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Spokane’s closest tie to the Tampa Bay Buccaneers is the late George Yarno, a Ferris and Washington State grad who played eight seasons for the Bucs.
Josh James plans to wear a Kansas City Chiefs jersey on Sunday. This wasn't a recent Super Bowl purchase. He stretched the same No. 66 over his shoulder pads three seasons ago.
John Freisz, who won the Walter Payton Award in 1989 after leading the Vandals to back-to-back Big Sky Conference titles, was a relatively obscure talent void of a big-money contract and pre-draft hubbub. In the twilight of his NFL career with the New England Patriots, Freisz gave advice to a rookie quarterback in a similar situation: Tom Brady.
In a game designed to showcase the very best of the NFL’s best, how can anyone single out just one player to be deemed the “most valuable”? Some years, a player will exceed all expectations and stand out above the rest. Some years, it’s a single moment that fans will remember for years to come. And in others still: It can be a difficult choice. Here’s a look at Super Bowl MVPs over the years.
Whether you tune in because you love pro football, because you’re a fan of one of the two teams or if you just like seeing the debut of the world’s greatest TV commercials, you’ll most likely watch the 55th annual Super Bowl Sunday. Here’s a look at the rich history of the National Football League’s big finale:
The Kansas City Chiefs play the Tampa Bay Buccaneers in Super Bowl LV at Raymond James Stadium on Sunday, Feb. 7, 2021, in Tampa, Florida.
Though others have eclipsed him in some sections of the record book, Peyton Manning’s stamp on the NFL is very much a thing of 2021 and beyond.
It’s a laboratory befitting a six-time Super Bowl champion. Or a garage on Davis Islands, but football geniuses can work anywhere.
Breaking down the on-field matchups for Sunday’s game between the Kansas City Chiefs (16-2) and Tampa Bay Buccaneers (14-5) in Super Bowl LV at Raymond James Stadium in Tampa, Fla., at 3:30 p.m. PST. (TV: CBS)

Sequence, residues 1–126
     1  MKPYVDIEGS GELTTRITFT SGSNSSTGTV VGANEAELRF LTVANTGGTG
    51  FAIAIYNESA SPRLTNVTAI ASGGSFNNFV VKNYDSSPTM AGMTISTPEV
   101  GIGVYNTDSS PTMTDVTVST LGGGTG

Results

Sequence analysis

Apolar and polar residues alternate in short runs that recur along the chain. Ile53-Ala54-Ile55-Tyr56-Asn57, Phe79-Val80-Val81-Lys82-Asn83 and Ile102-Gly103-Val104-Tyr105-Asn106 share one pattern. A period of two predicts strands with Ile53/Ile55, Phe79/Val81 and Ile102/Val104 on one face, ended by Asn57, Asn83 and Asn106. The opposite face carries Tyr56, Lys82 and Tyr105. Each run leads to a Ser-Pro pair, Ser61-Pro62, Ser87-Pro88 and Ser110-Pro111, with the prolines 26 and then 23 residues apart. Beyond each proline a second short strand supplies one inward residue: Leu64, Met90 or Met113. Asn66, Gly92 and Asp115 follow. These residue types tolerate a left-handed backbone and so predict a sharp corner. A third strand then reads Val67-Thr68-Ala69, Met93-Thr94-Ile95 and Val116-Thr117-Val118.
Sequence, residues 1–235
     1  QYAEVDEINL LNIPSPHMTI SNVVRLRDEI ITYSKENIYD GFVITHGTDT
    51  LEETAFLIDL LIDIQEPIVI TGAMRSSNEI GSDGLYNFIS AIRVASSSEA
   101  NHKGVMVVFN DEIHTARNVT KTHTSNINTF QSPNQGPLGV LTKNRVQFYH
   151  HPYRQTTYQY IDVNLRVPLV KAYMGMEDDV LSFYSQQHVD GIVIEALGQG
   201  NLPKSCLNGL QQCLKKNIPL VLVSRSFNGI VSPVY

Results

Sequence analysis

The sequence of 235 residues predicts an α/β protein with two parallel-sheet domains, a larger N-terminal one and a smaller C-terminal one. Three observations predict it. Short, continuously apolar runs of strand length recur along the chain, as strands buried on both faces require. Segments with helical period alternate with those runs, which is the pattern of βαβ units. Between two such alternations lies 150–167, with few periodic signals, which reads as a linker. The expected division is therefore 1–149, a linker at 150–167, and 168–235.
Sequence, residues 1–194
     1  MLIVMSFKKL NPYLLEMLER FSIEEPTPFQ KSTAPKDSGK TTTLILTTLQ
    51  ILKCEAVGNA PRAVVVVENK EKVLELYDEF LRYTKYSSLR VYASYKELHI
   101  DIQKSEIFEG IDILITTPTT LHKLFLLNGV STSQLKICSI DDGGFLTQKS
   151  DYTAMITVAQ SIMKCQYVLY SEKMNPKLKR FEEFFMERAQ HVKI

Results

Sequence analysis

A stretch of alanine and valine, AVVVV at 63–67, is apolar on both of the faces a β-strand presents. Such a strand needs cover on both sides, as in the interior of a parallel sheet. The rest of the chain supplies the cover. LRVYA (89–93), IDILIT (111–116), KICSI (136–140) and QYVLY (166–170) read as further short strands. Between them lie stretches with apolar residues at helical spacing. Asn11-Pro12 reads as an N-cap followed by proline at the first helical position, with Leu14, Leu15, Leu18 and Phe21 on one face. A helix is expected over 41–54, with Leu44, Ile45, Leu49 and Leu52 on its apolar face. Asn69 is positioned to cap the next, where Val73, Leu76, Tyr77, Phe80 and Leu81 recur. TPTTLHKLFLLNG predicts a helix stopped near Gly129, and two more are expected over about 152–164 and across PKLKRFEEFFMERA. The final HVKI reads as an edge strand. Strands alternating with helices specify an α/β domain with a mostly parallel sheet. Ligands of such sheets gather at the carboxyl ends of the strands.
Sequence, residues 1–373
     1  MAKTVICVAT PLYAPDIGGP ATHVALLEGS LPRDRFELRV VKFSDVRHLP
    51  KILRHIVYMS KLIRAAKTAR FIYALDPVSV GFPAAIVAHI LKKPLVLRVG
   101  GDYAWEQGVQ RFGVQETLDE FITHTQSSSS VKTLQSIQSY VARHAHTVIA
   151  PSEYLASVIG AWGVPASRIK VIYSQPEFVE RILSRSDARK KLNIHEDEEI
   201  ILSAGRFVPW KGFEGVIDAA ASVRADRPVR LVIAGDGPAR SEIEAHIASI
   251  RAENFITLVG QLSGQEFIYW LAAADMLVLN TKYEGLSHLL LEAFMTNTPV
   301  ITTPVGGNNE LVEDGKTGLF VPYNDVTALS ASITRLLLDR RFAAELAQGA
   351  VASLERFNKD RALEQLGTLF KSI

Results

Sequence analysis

Kansas City Chiefs superfan Ty Rowton hugged strangers in the streets of Miami last year after watching his team win the Super Bowl and then joined hundreds of thousands of fans back home at a victory parade, thinking little of a mysterious virus that his buddies were beginning to talk about.
Someone will make history Sunday in a Super Bowl so filled with storylines it would fill a season of TV programming.
Super Bowl LV – In some ways, this year’s big game feels pretty familiar. Quarterback Tom Brady is back for, incredibly, his 10th time. Also, Patrick Mahomes and the Kansas City Chiefs have returned to defend their title. But in other ways, it’s startlingly different.
When the 2020 NFL season dawned in September, it did so amid a national reckoning over racial injustice and under pressure from its own star players to act. To demonstrate its commitment to bringing about change, the NFL announced as part of a broad-based social-justice initiative that its teams would stencil two slogans on their end zones all season: "End Racism" and "It Takes All Of Us."
Andy Reid came up in the West Coast offense where the quarterback performs almost like an NBA point guard, using short passes that talented playmakers can turn into long gains.
Sunday’s Super Bowl between the Kansas City Chiefs and Tampa Bay Buccaneers marks the biggest day of sports broadcasting for networks.
For all Tom Brady’s success in the Super Bowl — he has an NFL-record six rings — his resume has a gaping hole: The star quarterback has yet to account for a first-quarter touchdown in the big game.
The safest option to watch the Kansas City Chiefs defend their title against the Tampa Bay Buccaneers will be from the well-worn grooves of your couch, health experts said Thursday. But restaurants will open their doors for the big game, following a year that has seen sales plummet during the pandemic.
The victory lap Roger Goodell took from the podium Thursday in Tampa Bay was hardly unexpected — and surely not unwarranted. He and the NFL have a lot to crow about on the eve of the Super Bowl, and the commissioner’s annual State of the NFL appearance was as good a time as any to talk about what went right in a season where a whole lot more could have gone wrong.